Sex & Gender /

Washington’s Gender-Affirming Care Law Begins Jan. 1

The policy requires health care insurers to pay for gender-affirming treatments

Health insurers in Washington will be required to cover gender-affirming health care starting on Jan. 1.

In February, Senate Bill 5313 said medically necessary gender-affirming treatments must be covered under a provider’s health care plan.

The state senate passed the bill, otherwise known as the Gender Affirming Treatment Act, in a 30-17 vote.

The bill was sponsored by State Senator Marko Liias, who described it as a step toward health equity in the state.

There is still one remaining area of profound discrimination in our health care system, which is the care that our transgender Washingtonians need,” said Liias in a statement. “Gender confirmation treatment is medically necessary for many in our transgender community, but they are not able to access this treatment because it is considered cosmetic by many health plans. The goal is to ensure every Washingtonian has access to medically necessary care that allows them to lead healthy, productive lives.”

“I am proud that our state is sort of standing up to this hysteria sweeping the country of intolerance and hatred of trans people,” Liias told The Columbian in May.

Under the law, insurers cannot apply a blanket exclusion to gender-affirming treatment or label them cosmetic, which is often not covered under health insurance plans. Gender-affirming treatments can include hormone prescriptions, surgeries, puberty delaying medication and talk therapy.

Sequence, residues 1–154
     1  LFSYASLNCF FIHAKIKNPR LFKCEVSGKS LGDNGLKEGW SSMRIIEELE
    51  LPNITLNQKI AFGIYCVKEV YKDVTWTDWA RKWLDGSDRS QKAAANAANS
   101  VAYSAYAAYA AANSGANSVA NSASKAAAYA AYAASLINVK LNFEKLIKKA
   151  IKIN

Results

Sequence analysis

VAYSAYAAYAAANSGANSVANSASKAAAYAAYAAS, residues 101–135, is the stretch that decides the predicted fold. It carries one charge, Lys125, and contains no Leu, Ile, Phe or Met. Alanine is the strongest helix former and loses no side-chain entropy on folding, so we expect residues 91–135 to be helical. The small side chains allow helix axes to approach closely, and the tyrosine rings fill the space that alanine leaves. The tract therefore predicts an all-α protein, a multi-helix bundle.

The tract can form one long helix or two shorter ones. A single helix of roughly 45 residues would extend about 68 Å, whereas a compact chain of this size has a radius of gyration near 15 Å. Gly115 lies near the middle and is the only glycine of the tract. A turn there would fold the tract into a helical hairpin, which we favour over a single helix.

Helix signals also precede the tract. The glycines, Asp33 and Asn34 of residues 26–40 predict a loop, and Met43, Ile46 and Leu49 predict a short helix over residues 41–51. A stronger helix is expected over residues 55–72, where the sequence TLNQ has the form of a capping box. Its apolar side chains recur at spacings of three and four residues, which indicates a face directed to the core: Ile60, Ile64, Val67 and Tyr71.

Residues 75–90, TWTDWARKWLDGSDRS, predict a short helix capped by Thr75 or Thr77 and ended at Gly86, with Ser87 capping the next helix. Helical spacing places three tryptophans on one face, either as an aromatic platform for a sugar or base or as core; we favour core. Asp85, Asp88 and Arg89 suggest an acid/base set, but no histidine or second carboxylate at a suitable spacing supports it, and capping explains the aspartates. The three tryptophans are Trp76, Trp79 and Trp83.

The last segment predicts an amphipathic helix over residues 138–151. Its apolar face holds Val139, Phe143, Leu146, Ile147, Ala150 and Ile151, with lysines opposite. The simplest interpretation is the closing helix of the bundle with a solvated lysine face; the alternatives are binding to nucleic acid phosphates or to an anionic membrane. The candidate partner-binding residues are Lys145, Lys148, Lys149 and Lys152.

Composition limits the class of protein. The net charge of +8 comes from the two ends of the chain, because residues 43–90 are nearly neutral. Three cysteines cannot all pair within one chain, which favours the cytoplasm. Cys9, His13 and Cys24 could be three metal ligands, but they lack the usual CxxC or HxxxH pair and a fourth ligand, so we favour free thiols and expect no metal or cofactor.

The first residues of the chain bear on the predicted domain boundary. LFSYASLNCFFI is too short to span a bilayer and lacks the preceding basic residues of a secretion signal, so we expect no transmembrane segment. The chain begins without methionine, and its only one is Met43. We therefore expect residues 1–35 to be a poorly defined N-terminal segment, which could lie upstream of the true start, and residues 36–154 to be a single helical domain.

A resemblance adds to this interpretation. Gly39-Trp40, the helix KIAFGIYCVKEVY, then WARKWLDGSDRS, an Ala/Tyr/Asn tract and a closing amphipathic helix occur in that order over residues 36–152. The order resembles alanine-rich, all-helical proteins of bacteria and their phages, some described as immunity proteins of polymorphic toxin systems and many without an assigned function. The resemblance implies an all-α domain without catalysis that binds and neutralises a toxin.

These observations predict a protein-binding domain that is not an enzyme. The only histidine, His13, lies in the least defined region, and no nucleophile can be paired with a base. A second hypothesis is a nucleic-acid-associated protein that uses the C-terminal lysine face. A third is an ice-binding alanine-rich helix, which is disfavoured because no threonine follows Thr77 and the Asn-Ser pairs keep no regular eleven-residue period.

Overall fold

The law also requires that a health care provider with experience in gender-affirming treatment review and confirm the appropriateness of any denial of or limited access to gender-affirming services,” per Just The News.

On Dec. 28, Insurance Commissioner Mike Kreidler said via a press release, “Advocates told us over and over again that gender-affirming treatment saves lives. As the insurance regulator, I take seriously my duty to make sure laws and rules around insurance coverage are as inclusive as we intend them to be and insurers aren’t able to issue blanket denials based on inadvertent loopholes in the law.”

Kreidler’s office said the law clarifies several aspects of existing laws that were previously used by insurers to “deny coverage in a way that subverted the intent of the law.”

The commissioner adopted the policy on Nov. 20, 2021.

Sarah Davenport-Smith, a lobbyist for the Family Policy Institute of Washington, expressed her organization’s s concerns about the bill while appearing before the House Health Care and Wellness Committee in March.

“We would really urge the committee to consider an age limit on any gender-affirming treatments,” Davenport-Smith. “There is no age-appropriate way to explain what losing their fertility and full sexual function may mean to them in later years.”

Following a recommendation from the American Medical Association (AMA), the law does not include any age restrictions.

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